Finland's Prime Minister Juha Sipila speaks during a joint press conference with his Latvian counterpart in Riga, Latvia on March 7, 2019. (ILMARS ZNOTINS / AFP)
HELSINKI — Finland's government resigned on Friday after ditching plans to reform the healthcare system, a key policy, the Finnish president's office said, throwing the country into political limbo.
The president approved Prime Minister Juha Sipila's resignation and asked his government to continue as a care-taker government until a new cabinet has been appointed.
Sipila said he was "hugely disappointed" that his cabinet had to resign over its failure to pass a long-planned healthcare reform
Sipila said he was "hugely disappointed" that his cabinet had to resign over its failure to pass a long-planned healthcare reform.
"My government will continue as a caretaker cabinet," Sipila told a news conference, adding he expected Finland to be able to form a government before June or July. Finland is assuming the European's Union rotating presidency on July 1.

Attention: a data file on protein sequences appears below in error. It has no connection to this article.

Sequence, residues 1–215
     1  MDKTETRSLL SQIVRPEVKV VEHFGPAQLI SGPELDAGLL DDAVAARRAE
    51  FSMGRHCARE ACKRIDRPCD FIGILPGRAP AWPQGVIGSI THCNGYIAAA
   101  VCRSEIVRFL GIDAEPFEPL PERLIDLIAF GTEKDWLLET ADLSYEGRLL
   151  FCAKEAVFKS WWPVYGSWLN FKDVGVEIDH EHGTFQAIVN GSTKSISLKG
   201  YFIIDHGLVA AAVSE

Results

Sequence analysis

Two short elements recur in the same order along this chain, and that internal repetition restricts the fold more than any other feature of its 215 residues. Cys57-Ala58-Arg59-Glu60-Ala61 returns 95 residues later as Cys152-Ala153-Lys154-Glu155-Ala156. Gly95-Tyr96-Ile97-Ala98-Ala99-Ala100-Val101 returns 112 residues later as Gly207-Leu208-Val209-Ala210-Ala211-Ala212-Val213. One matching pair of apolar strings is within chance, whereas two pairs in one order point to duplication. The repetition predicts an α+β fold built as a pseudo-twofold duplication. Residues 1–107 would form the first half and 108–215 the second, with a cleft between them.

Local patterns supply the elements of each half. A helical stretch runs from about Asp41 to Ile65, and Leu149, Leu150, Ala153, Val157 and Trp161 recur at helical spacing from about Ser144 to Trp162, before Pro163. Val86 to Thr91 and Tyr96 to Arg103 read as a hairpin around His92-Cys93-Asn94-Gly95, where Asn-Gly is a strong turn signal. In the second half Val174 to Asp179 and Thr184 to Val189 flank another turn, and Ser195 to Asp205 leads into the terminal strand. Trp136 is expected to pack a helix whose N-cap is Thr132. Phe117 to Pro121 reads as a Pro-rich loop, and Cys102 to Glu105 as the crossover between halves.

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The collapse of the government comes just one month before parliamentary elections are due, after Sipila failed to push through the reforms. The changes were crucial to the three-party governing coalition's plan to balance public finances.
Financial constraints are colliding with the healthcare costs imposed by Finland's fast-aging population. But cutting those costs is a major political obstacle in a Nordic country that historically has provided an extensive — and expensive — healthcare system.
Sipila resigned "because the healthcare reform cannot be accomplished during this government term," Antti Kaikkonen, the head of Sipila's Centre Party's parliamentary group, wrote on Twitter. Several governments have tried to push through reforms in different forms over the past 12 years.
"Since elections were already set for 14 April, the resignation of the government is not a big deal at all at this point. Still, it does create some ugly headlines," Nordea's chief analyst wrote on Twitter.
According to the government, the reform could have curbed the annual growth of Finland's public social and healthcare expenses to 0.9 percent from the current estimate of 2.4 percent between 2019 and 2029.
Sipila had previously said he would dissolve his centre-right coalition government if it failed to push through its healthcare and local government reform.
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